A blistering, brutal novel of the South African frontier from a major new literary voice
Winner of four major South African prizes
At the end of the eighteenth century, a giant strides the Cape Colony frontier. Coenraad de Buys is a legend, a polygamist, a swindler and a big talker; a rebel who fights with Xhosa chieftains against the Boers and British; the fierce pa...more
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I started this book before the Booker International shortlist was announced, and I can understand why it missed out, but I found it rather impressive, if bloodthirsty. The latter is hardly surprising for a book inspired by Blood Meridian. I am not going to write a long detailed review - Paul has done that already and Margitte wrote a very good one on the Afrikaans original.
Anker's protagonist is Coenrad de Buys, a real if larger than life adventu ...more
This book is a fictional rendition of the live of the the outlaw, scoundrel, frontier farmer, Coenraad De Buys. The character was taken from the footnotes of history and brought alive.
The institutionalized history, forbidding an alternative perception or interpretation, excluded characters such as Coenraad De Buys. One of the main reasons was that he was a scroundrel pioneer, who refused to be bordered in by either politics, religion or social rules. Almost seven feet tall, born in 1761, from Fr ...more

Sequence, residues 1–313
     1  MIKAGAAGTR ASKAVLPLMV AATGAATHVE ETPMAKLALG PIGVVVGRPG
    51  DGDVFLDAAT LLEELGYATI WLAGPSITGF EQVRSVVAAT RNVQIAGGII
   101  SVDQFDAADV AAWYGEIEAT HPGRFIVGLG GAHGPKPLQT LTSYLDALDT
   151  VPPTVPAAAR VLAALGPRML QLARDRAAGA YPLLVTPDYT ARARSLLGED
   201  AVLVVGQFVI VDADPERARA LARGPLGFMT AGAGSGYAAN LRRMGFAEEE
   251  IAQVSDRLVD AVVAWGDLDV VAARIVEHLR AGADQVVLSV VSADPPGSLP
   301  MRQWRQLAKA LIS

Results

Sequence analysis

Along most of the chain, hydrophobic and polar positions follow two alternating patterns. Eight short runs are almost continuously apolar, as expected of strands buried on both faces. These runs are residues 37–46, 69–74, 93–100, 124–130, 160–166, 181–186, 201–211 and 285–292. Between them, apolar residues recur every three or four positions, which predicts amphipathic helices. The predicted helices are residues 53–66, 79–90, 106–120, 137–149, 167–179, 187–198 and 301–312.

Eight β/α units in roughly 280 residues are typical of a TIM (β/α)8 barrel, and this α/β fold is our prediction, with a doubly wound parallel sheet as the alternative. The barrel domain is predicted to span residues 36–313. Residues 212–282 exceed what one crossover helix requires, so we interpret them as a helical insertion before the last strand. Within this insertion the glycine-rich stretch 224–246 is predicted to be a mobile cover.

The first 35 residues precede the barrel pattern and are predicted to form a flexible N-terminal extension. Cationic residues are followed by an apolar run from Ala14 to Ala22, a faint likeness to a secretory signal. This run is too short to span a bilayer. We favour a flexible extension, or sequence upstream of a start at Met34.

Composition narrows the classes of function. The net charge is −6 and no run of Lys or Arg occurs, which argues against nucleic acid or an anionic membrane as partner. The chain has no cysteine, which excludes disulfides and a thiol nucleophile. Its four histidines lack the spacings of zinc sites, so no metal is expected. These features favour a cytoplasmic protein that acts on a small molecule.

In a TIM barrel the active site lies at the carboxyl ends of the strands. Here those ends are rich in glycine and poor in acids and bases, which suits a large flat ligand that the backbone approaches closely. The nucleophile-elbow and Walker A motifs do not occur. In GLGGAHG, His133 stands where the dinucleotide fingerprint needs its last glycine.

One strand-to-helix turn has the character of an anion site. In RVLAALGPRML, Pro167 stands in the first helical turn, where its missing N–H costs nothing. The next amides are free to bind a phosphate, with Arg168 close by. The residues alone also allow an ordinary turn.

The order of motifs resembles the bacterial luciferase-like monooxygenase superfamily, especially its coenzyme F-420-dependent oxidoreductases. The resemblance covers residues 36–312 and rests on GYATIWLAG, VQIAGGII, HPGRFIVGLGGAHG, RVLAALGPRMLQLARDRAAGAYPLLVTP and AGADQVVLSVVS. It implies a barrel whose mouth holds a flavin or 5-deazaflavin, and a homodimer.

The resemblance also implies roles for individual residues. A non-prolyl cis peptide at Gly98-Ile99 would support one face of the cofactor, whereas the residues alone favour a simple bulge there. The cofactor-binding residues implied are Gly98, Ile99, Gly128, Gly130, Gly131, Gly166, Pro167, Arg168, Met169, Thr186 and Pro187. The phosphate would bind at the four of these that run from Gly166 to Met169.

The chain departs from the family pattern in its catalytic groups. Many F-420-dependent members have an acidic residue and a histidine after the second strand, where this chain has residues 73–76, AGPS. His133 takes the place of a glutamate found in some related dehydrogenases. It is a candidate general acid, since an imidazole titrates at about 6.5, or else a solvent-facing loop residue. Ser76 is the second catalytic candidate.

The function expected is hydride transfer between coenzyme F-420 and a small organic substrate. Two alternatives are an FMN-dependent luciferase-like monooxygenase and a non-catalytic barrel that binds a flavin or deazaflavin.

Behold me: I am the legend Coenraad de Buys. Come let me contaminate you, my reader of tainted stock. If you read this, you see what I see.
'Buys: ’n Grensroman' (≈ 'Buys: a Border Novel') by William Anker was originally published in 2014. The author explains the origin of the novel here: https://www.litnet.co.za/tien-vrae-wi...
The translation from Afrikaan ...more
You might have seen that Anker has been criticised for this novel, described in the English afterword as a ‘homage’ to Cormac McCarthy, while a few reviewers think it’s closer to plagiarism than a homage. Indeed, when I started reading but before I looked up th ...more
Its part novel, part historical accoun ...more
The novel is a first-person retelling of the life of the infamous colonial frontiersman and renegade, Coenraad de Buys (a f ...more
Hierdie was vir my 'n boek van twee helftes.
Die eerste 230 bladsye dek rofweg die eerste 40 jaar van Buys se lewe. Hierdie is dan ook verreweg die beste gedeelte van die boek, 'n lekker skop in die maag met heelwat uiteenlopende gebeure om die aandag en verbeelding vas te vang.
Hier so van bladsy 200 af al verander die pas egter en verval die boek al te dikwels in 'n groef van alledaagse sleur. Buys wat nogmaals huis oppak en elders vestig. Buys wat jag. Buys ...more
Leaving aside that the novel has been accused as plagiarism of Cormac McCarthy, the author admits that it owes a lot to ...more
Unfortunately I found it at least 1/3 too long! Halfway though I started getting restless.
Nevertheless, it shed light on the real people at the frontiers Of the Cape in the late 1700’s, which ignited the spark in me to read more about this period. I will follow up on your suggestions, Margit!
In 2004 he wrote the script for the physical theatre piece Skr ...more